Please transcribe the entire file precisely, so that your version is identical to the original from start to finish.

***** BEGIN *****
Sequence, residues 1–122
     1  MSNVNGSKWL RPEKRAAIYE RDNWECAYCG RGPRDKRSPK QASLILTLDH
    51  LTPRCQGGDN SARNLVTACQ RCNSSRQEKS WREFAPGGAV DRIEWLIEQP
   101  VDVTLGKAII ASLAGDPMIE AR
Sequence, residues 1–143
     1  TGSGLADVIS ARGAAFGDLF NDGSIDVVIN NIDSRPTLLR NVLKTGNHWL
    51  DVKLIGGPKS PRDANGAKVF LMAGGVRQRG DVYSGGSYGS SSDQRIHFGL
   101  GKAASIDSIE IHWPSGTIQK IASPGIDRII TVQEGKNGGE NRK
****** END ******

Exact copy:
Sequence, residues 1–122
     1  MSNVNGSKWL RPEKRAAIYE RDNWECAYCG RGPRDKRSPK QASLILTLDH
    51  LTPRCQGGDN SARNLVTACQ RCNSSRQEKS WREFAPGGAV DRIEWLIEQP
   101  VDVTLGKAII ASLAGDPMIE AR
Sequence, residues 1–143
     1  TGSGLADVIS ARGAAFGDLF NDGSIDVVIN NIDSRPTLLR NVLKTGNHWL
    51  DVKLIGGPKS PRDANGAKVF LMAGGVRQRG DVYSGGSYGS SSDQRIHFGL
   101  GKAASIDSIE IHWPSGTIQK IASPGIDRII TVQEGKNGGE NRK